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Color images in seconds and video telephones: hot enough for you?

Color images transmitted in eight seconds and video telephones for desk to desk videoconferencing: These could be the hot devices that will stoke the fire under ISDN deployment.

A group of Wall Streeters were duly impressed by both of the applications, which owe their existence to ISDN. The folks in New York were on the receiving end of a demonstration from Chantilly, Va.

Chantilly is home to the Contel Technology Center, which reprised a demo it did last fall for a group of academic users. Contel technical staffers designed, developed, and integrated the color image transmission system.

Thanks to incredible compression and ISDN's 64 kb/s, color images can be transmitted in less than eight seconds. Contrast that with the three minutes it takes for transmission of black and white images on fax machines with gray scales, or image processing options.

The videophone setup was another crowd-pleaser, especially since the image transmission can be done at 128 KB/s, using both B channels of an ISDN line. There is some blurring of motion, but overall picture quality is high.

"This will definitely encourage ISDN," says Kap Kim, principal scientist at the technology center. "What has been needed is some sexy device to give some idea of what ISDN can do for you.

"You can talk about 2B1Q and Q.931 and most people don't care. But when they see a videophone, and realize what they can do with it, they get the message."

When enough business people demand desktop conferencing, and enough grandparents demand videophone capabilities so they can see the grandkids across the country as they talk to them, then ISDN will roll out. That's the way Kim sees it.

There were a couple of interesting sidelights to the Wall Street demonstration. First, because no ISDN link was available from Chantilly to New York (sound familiar?) the demo used two AT&T Accunet switched 56 circuits, for a total of 112 kb/s.

Also, Kim says he never gave a thought to the switches involved at the central offices. In an earlier demo with another site, there were AT&T 5ESS switches at both ends. This time, there was a Northern Telecom DMS-100 in New York. No special arrangements were made, and still the two had no trouble communicating.

The rational view

They made an interesting point about ISDN during a local area network bridging seminar at the NetWorld show in Boston.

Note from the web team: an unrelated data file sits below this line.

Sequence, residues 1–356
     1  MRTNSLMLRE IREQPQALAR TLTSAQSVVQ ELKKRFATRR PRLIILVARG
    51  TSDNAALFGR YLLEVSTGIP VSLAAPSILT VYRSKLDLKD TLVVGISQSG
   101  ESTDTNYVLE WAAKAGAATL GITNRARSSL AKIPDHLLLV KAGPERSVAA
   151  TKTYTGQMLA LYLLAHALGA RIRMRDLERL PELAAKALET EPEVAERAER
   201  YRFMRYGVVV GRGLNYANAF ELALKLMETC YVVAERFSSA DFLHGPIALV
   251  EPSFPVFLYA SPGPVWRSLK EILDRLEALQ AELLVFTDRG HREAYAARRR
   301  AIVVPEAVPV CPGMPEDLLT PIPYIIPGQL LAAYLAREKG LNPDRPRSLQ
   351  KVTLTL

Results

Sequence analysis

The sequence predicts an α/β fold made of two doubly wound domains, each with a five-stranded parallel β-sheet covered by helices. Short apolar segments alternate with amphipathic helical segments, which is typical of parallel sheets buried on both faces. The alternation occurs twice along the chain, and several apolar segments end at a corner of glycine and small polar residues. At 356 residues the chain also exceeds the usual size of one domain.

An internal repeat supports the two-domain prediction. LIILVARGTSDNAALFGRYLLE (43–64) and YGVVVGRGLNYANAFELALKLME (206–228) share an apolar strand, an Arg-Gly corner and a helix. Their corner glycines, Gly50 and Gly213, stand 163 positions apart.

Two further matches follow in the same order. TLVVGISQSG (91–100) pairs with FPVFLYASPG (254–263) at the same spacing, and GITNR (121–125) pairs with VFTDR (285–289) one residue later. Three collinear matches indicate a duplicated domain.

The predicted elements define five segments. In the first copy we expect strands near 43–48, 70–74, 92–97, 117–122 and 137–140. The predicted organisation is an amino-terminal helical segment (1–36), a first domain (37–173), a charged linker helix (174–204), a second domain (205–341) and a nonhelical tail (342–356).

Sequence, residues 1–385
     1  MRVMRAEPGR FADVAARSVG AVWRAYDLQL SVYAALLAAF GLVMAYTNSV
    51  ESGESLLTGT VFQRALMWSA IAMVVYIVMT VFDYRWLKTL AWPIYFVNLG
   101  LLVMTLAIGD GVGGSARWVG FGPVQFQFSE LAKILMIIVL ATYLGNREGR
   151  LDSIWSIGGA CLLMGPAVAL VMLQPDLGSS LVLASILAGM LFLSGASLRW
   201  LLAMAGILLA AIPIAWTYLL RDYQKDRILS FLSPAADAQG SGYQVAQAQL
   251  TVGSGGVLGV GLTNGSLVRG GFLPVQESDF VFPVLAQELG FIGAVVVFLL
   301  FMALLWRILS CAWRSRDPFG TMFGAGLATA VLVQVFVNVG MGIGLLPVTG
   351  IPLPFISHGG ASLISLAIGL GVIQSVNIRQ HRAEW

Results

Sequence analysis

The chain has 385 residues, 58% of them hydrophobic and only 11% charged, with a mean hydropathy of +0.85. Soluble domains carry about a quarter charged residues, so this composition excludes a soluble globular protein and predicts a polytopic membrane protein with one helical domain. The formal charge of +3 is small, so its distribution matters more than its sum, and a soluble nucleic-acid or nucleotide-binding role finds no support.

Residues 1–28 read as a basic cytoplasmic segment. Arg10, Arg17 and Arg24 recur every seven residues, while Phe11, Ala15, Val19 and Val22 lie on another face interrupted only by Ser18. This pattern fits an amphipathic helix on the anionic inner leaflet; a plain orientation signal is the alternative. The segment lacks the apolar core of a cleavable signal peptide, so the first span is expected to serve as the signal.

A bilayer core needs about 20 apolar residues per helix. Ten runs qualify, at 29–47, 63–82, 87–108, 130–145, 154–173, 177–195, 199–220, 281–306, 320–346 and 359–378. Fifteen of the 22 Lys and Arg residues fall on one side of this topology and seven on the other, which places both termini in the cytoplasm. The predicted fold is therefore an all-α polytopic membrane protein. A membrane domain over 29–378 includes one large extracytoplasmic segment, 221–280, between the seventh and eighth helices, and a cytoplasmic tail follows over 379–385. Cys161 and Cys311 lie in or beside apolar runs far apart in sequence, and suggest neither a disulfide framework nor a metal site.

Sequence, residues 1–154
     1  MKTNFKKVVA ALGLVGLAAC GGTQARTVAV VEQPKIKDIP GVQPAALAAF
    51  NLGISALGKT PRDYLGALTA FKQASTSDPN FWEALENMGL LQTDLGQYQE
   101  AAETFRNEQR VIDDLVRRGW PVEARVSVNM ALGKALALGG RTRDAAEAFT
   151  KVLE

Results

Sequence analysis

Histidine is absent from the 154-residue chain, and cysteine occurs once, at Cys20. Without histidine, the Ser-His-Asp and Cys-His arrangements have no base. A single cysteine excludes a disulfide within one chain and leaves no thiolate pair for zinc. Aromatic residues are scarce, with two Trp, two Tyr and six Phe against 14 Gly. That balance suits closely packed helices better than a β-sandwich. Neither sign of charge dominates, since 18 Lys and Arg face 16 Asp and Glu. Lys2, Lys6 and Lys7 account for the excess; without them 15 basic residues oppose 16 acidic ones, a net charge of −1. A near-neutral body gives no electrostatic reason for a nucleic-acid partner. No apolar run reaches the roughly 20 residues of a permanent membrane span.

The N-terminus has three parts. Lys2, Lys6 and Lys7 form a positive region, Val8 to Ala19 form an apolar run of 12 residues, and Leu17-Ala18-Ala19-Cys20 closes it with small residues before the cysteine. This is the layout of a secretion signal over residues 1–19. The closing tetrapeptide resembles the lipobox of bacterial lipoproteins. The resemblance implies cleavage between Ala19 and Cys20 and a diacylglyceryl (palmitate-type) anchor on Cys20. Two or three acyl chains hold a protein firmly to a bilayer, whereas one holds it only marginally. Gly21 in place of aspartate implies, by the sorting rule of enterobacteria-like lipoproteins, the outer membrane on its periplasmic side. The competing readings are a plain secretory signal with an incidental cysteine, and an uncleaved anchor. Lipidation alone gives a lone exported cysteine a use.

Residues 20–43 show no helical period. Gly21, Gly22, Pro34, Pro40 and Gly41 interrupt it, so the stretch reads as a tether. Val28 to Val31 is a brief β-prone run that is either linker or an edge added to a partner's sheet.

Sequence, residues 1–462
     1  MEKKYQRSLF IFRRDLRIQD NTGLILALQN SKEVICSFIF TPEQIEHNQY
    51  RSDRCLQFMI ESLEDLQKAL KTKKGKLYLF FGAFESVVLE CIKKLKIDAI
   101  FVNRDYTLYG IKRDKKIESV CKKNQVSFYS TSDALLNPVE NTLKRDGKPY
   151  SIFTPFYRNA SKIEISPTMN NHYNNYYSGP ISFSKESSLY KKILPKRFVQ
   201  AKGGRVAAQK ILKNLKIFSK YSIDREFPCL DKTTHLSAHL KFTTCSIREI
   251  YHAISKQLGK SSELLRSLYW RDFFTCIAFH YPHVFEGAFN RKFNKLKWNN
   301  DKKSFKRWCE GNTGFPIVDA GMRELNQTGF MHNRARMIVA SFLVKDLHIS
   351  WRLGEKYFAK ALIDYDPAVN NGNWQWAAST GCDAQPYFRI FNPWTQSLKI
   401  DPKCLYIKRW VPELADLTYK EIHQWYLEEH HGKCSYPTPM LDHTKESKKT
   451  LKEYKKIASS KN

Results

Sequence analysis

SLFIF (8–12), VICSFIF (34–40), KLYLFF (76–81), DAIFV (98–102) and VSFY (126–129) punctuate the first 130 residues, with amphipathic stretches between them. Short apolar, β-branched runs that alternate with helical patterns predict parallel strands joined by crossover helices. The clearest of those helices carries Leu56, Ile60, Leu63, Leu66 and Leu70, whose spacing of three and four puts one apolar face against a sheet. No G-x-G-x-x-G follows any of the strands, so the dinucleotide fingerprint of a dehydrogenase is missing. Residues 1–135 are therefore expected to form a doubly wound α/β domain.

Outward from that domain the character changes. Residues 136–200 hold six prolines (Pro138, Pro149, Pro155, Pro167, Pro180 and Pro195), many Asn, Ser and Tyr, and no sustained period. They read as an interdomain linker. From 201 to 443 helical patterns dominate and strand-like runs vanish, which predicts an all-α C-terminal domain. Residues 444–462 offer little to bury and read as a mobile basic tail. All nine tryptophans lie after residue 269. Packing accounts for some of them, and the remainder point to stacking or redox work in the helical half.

First, the extremist views--you've heard them--were presented. One is that "ISDN shall serve the place of all networking strategies, eliminating the need for incompatible LANs, routers, fiber, and the like. Users will find eternal bliss sending data through the phones on their desks."

The opposing view is that "ISDN provides few significant capabilities beyond those achievable with a dial-up modem. ISDN has little place in the construction of real peer-to-peer data networks."

But as with so many things, the truth lies somewhere in the middle. The "rational view," as it was called, is that ISDN and existing networks should be viewed as a major application of ISDN."

Among the panelists was Dory Leifer, network manager at the University of Michigan, who talked about running IP (Internet Protocol) over ISDN. Benefits of that approach are to extend access to remote locations not served by LANs connected to the Internet; replacement of leased facilities when favorable tariffs apply or leased facilities are not available; and on-demand bandwidth to back up or supplement leased facilities.

However, Leifer concluded, IP over ISDN must be standardized, to allow "real product" development.

Working on ATM

A number of big vendors are working together on development of ATM (Asynchronous Transfer Mode) node and link systems, which will constitute the main part of a Nippon Telegraph and Telephone broadband ISDN network.

Broadband ISDN will be the core of NTT's effort to provide various new public telecommunications services, including video. The services will be provided via the two ATM systems, in accord with ATM standards in the works at CCITT.

Partners with NTT are Northern Telecom, Fujutsu, Hitachi, NEC, Oki Electric Industry, Toshiba, AT&T International, Mitsubishi, and Siemens AG.

ATM will be a key standard for broadband ISDN, providing a way to handle multimedia communications in a single system. Users will be able to pick the transmission speed they want, change the speed during transmission, or combine several different typs of communications, such as voice, image, PC, and mainframe.

ATM, for instance, will make it possible to transmit full-color, full-motion high definition TV signals over NTT's planned network.

The ATM node system's role in broadband ISDN is analogous to conventional switches in other system. The link system is analogous to conventional transmission systems.
COPYRIGHT 1991 Nelson Publishing
No portion of this article can be reproduced without the express written permission from the copyright holder.
Copyright 1991 Gale, Cengage Learning. All rights reserved.

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Title Annotation:ISDN Forum
Author:Tanzillo, Kevin
Publication:Communications News
Article Type:column
Date:Apr 1, 1991
Words:778
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